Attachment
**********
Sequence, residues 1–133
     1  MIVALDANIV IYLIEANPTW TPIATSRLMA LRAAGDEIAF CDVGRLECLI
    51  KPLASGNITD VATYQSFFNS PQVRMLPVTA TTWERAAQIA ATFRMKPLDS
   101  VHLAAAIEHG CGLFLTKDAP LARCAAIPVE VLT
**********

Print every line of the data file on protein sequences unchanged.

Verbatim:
Sequence, residues 1–133
     1  MIVALDANIV IYLIEANPTW TPIATSRLMA LRAAGDEIAF CDVGRLECLI
    51  KPLASGNITD VATYQSFFNS PQVRMLPVTA TTWERAAQIA ATFRMKPLDS
   101  VHLAAAIEHG CGLFLTKDAP LARCAAIPVE VLT